The Helepolis from 305 BC.
A large tapered tower, each side about 130 feet (41.1 meters) high, and 65 feet (20.6 m) wide, it rested on eight wheels, each 12 feet (3.7 m) high. The three exposed sides were rendered fireproof with iron plates, and stories divided the interior, connected by two broad flights of stairs. The machine weighed 160 tons, and required 3,400 men working in relays to move it, 200 turning a large capstan driving the wheels via a belt, and the rest pushing from behind. Casters permitted lateral movement, so the entire apparatus could be steered towards the desired attack point, while always keeping the siege engines inside aimed at the walls, and the protective body of the machine directly between the city walls and the men pushing behind it.
Ultimately it wasn't very successful. (from wiki: By cover of night he had the Rhodians knock a hole through the wall and channel large amounts of water, mud and sewage onto the area where the Helepolis was expected to attack the following day. Diognetus was successful; the tower was brought forth to the anticipated attack position and became irretrievably stuck in the mire)
But imagine this rolls up to your city and starts firing flaming arrows over the walls. Would the shit hit your pants before it hits the fan?
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I always liked the Godendag
It's a wooden mallet with some metal spikes stuck on it. That's it. It was a super weapon because it let a bunch of Flemish farmers who made it at home completely wreck the shit of super-expensive and rigorously trained French armored mounted knights, who were supposedly the best in the world.
"Godendag" is Dutch for "Good Day" which supposedly the farmers said as they simultaneously crushed the heads and pierced the armor of French jerks.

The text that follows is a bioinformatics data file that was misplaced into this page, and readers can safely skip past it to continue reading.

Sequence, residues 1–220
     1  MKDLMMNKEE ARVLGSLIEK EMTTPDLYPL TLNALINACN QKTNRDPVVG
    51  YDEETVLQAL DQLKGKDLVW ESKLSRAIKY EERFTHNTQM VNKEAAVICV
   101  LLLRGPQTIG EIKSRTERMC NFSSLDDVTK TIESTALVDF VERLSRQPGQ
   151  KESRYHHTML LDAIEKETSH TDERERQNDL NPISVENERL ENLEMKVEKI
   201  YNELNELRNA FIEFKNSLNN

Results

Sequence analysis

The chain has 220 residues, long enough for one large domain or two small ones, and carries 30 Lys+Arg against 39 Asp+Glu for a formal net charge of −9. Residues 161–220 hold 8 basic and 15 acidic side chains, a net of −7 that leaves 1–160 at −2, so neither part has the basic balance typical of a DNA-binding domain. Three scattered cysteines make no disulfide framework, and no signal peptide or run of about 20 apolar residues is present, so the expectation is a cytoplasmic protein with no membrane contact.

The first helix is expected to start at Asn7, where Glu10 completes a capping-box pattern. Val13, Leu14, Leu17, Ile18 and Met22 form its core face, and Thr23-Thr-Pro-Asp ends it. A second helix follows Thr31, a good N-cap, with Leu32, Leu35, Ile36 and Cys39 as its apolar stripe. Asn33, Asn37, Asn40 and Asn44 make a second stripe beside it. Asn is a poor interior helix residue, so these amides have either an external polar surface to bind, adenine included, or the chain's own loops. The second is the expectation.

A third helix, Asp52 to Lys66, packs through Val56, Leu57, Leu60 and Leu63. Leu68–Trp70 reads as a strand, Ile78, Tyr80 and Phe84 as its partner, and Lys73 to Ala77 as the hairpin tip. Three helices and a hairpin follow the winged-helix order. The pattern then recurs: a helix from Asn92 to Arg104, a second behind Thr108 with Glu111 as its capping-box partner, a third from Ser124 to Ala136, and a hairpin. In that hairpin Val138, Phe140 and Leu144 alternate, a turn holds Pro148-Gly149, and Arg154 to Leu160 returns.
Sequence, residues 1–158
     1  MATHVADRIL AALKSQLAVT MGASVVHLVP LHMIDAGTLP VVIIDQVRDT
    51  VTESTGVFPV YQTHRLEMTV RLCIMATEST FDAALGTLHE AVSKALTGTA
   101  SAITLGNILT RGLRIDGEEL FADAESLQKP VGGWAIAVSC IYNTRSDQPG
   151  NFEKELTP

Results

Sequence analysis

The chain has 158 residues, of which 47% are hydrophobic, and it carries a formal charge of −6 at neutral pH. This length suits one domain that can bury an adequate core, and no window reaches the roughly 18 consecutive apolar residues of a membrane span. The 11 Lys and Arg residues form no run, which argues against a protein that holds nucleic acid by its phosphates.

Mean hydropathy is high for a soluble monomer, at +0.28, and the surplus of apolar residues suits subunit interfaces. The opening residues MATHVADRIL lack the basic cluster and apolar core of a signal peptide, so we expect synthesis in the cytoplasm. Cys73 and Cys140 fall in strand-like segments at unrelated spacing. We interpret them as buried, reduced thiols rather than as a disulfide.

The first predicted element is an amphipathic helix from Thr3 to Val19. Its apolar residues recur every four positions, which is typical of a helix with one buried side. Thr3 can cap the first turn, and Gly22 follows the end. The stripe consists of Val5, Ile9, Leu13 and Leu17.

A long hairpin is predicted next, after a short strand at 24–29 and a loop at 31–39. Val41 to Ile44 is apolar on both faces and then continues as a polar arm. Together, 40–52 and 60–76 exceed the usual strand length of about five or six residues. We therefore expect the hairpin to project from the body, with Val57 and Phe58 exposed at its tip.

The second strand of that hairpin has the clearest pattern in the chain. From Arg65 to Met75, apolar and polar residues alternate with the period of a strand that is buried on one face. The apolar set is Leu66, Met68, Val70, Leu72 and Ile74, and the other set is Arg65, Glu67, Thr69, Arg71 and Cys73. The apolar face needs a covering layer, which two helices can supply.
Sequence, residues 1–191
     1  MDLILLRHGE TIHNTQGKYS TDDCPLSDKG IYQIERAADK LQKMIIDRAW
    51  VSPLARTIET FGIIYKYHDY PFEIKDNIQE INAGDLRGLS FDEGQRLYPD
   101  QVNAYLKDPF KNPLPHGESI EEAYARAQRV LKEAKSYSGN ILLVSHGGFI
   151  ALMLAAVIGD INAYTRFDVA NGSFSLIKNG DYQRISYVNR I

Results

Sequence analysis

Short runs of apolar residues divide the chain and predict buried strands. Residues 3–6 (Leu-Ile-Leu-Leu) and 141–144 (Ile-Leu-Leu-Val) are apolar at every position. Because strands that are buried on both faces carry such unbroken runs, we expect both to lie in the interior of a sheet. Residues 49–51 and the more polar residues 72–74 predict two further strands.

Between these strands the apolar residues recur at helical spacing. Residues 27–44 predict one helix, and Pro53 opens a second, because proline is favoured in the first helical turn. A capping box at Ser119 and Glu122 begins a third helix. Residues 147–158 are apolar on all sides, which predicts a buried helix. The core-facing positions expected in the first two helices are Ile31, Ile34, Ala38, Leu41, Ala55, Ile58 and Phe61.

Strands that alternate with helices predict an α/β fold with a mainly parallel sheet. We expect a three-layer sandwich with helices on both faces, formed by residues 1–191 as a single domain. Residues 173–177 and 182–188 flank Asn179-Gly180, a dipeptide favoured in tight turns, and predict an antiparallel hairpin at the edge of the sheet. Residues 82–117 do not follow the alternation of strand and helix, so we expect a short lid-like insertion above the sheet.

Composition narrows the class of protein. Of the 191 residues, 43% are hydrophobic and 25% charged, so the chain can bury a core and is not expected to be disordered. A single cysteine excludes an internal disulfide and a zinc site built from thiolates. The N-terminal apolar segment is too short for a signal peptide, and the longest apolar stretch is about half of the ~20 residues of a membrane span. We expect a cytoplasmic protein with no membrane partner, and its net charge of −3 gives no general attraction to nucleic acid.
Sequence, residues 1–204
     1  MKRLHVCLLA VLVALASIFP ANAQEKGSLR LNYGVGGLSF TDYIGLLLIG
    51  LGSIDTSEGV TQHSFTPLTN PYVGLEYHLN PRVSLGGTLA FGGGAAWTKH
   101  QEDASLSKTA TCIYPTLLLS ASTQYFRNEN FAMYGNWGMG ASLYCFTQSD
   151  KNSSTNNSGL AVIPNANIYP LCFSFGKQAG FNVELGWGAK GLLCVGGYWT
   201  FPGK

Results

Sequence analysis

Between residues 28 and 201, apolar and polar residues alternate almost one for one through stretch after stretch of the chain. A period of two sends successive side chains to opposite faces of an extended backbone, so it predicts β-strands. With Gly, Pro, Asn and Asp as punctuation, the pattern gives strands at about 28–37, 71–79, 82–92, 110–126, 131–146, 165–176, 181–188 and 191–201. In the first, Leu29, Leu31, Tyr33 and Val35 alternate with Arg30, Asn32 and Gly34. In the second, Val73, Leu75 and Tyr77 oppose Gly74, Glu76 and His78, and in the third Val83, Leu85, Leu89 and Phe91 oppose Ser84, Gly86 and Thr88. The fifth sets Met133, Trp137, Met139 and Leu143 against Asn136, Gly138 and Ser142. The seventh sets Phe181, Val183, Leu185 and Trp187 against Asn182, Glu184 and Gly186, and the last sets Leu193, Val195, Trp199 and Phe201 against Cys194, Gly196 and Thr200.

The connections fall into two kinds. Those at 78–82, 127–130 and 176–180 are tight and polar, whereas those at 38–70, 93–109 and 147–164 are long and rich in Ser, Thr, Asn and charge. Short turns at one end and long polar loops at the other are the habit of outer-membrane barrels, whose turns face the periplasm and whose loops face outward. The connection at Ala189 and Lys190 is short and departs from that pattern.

You can't really have a thread about ancient superweapons without mentioning the War Elephant. These things were a formidable foe, arguably being the main reason Alexander the Great didn't manage to conquer all of India. They had a relevant role in European combat from about 300BC to whenever Europe ran out of elephants.
The use of the war elephant was based on the idea that a 14 ft tall animal that can trample you easily is fucking scary, as well as putting a dude or two with bows and arrows to ride on top of it. Some of the more well known elephantieers of the Ancient Era were Pyrrhus and Hannibal, both of whom fought against the Romans.
The Romans came up with at least two effective methods of countering war elephants. One way was to step out of their way, since they could only apparently be ordered to charge forward. The other, more entertaining method was to light pigs on fire and have them run at the elephants, completely freaking the giant animals out and hopefully wrecking some havoc on enemy troops. This method is attested to by the historian Pliny the Elder, who remarked that elephants are easily frightened by a squealing pig.
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